Site 31ON1767 was a late eighteenth to early nineteenth century historic site that represents one of the earliest historic settlements in the Richlands area. Test excavations and machine scrapes exposed numerous intact cultural features, including a possible privy, and several other pits and postmolds. The exposed features were relatively intact and had the potential to provide significant data on house and activity area patterning, as well as issues of economic status of the occupants.
Based on the presence of numerous well-preserved features and the abundance of artifacts that allowed us to attribute this site to the earliest period of settlement in the area, site 31ON1767 was determined to have the potential to contribute new and significant data on such early settlements. This site was hence recommended Eligible for the NRHP. As disturbance to this site could not be avoided, data recovery investigations were subsequently undertaken.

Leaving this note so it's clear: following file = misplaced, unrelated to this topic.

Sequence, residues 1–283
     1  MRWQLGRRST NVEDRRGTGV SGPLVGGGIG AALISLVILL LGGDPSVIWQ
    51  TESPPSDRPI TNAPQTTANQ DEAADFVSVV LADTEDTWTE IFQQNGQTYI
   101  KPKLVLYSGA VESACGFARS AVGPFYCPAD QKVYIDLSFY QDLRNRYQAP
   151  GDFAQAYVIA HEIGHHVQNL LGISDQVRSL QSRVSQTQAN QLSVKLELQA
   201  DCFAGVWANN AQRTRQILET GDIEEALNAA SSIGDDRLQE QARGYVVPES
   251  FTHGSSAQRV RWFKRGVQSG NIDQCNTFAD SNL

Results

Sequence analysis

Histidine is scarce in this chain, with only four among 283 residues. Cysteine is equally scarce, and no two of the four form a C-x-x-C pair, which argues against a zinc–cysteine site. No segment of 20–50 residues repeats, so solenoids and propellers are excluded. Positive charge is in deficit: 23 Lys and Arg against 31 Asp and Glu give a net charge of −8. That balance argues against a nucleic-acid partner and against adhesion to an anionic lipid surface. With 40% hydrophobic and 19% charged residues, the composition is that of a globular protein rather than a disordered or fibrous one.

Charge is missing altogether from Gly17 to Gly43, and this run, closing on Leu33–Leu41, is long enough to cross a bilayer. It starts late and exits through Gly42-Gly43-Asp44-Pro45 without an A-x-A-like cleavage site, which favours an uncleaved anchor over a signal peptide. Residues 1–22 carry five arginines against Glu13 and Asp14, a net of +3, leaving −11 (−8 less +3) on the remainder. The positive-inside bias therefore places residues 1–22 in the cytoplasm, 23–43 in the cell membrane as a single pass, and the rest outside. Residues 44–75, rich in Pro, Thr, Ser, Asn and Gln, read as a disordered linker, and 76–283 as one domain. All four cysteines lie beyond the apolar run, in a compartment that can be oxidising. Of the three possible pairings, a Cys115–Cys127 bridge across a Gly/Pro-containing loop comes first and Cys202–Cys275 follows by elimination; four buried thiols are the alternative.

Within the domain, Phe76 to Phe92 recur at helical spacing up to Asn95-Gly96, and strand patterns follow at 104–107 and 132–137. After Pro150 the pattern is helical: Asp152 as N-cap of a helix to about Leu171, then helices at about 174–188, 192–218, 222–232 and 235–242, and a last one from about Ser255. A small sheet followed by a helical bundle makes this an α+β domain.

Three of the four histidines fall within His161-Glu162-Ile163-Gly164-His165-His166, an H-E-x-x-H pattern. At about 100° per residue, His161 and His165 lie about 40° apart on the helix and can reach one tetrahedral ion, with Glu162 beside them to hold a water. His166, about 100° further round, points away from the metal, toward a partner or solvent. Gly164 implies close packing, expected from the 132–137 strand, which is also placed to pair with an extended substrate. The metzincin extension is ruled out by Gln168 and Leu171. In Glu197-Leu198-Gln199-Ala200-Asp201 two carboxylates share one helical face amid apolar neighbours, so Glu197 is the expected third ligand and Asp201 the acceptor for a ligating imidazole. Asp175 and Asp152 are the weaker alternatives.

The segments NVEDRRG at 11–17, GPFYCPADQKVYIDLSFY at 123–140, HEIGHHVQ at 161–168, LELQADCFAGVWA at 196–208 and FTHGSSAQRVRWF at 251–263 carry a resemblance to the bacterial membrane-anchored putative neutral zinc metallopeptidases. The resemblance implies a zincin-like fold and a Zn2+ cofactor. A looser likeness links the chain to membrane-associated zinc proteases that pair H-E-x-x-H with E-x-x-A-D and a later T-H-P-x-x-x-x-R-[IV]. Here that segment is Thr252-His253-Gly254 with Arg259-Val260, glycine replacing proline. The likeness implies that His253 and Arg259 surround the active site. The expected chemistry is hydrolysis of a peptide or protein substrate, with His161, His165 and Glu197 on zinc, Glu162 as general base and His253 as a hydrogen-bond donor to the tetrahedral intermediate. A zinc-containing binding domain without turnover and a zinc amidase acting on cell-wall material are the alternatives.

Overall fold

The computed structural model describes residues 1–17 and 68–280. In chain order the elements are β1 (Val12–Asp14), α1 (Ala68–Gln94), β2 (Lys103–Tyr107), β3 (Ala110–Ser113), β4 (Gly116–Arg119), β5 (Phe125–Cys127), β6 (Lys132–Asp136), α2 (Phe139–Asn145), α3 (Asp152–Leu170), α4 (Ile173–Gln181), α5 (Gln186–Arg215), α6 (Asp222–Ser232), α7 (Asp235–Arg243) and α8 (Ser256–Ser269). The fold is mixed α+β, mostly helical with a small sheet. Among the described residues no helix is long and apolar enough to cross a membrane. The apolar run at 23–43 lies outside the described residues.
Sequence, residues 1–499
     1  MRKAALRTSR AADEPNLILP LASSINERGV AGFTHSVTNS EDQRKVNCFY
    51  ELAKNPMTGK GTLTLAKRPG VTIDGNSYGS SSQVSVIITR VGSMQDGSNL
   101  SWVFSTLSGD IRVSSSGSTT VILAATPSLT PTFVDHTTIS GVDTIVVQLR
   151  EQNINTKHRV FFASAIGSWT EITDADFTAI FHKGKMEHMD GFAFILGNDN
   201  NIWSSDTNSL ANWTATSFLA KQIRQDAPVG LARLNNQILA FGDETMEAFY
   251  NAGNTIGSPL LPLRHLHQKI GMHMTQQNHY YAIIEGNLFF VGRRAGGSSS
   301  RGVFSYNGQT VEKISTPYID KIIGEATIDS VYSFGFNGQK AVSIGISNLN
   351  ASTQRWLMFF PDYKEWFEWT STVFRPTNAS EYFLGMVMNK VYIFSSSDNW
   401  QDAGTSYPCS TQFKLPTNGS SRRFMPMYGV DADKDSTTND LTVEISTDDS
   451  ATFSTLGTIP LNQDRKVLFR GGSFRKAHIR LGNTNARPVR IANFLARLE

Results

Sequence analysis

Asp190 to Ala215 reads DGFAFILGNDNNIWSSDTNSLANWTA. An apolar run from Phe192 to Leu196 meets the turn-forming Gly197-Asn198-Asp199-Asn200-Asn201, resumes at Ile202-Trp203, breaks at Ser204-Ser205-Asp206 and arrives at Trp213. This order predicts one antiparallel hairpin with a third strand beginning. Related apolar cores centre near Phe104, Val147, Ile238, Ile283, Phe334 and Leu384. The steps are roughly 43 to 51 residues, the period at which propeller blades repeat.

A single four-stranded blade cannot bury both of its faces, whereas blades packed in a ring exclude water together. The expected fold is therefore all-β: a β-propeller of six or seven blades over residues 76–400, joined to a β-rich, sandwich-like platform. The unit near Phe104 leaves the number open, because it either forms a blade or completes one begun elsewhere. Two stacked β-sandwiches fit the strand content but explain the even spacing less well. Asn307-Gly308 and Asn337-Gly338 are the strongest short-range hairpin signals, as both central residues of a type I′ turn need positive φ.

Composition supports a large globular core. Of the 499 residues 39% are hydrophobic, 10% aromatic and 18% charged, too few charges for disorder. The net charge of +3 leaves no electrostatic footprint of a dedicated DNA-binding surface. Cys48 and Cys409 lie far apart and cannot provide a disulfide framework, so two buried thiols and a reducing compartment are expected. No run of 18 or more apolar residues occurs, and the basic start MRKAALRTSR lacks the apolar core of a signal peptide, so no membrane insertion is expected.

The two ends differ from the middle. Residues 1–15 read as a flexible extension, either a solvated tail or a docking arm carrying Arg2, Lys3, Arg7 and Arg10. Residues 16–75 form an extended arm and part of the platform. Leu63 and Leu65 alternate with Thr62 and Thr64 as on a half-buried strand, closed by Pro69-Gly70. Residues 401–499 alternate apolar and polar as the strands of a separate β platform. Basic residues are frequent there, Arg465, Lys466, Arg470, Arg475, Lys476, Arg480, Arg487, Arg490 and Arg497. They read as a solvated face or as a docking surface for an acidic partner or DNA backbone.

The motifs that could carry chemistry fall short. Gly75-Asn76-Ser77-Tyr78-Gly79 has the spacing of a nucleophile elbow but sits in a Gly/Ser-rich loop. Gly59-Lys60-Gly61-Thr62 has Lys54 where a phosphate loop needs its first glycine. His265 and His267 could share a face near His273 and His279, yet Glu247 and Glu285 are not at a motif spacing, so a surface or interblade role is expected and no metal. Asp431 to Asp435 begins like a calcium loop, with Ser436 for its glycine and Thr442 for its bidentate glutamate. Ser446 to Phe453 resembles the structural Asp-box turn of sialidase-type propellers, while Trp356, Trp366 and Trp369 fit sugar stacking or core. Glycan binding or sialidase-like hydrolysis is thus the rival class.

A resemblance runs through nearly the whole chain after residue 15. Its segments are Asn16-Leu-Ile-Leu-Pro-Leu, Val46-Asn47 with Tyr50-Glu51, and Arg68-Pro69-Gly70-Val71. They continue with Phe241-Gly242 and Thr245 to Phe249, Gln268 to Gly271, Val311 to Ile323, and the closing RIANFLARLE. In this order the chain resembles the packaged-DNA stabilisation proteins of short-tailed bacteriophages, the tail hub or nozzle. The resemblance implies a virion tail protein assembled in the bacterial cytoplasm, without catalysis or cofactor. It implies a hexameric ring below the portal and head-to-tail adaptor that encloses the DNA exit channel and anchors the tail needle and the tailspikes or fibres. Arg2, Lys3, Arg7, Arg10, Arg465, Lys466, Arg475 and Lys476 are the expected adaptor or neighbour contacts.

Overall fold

Site 31ON1770 was a large habitation site spanning the Middle Archaic through Woodland periods as identified by diagnostic ceramics and lithics. The test unit excavations revealed that the majority of the prehistoric remains from all time periods were concentrated in the disturbed plowzone. Very few artifacts were recovered below the plowzone. Few features were identified at the site, either in the test units or machine scrapes. This site also did not contain stratified deposits. 31ON1770 was determined not to have the potential to add new or significant data pertaining to the prehistory of the region and was recommended ineligible for the NRHP.